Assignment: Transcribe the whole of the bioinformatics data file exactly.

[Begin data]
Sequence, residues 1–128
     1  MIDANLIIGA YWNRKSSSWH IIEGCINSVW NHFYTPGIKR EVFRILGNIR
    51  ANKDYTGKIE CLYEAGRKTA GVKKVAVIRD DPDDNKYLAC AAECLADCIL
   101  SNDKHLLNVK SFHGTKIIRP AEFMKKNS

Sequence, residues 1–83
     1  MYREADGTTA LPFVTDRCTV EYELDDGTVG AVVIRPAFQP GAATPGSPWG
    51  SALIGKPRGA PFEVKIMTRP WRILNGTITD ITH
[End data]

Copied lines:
Sequence, residues 1–128
     1  MIDANLIIGA YWNRKSSSWH IIEGCINSVW NHFYTPGIKR EVFRILGNIR
    51  ANKDYTGKIE CLYEAGRKTA GVKKVAVIRD DPDDNKYLAC AAECLADCIL
   101  SNDKHLLNVK SFHGTKIIRP AEFMKKNS

Sequence, residues 1–83
     1  MYREADGTTA LPFVTDRCTV EYELDDGTVG AVVIRPAFQP GAATPGSPWG
    51  SALIGKPRGA PFEVKIMTRP WRILNGTITD ITH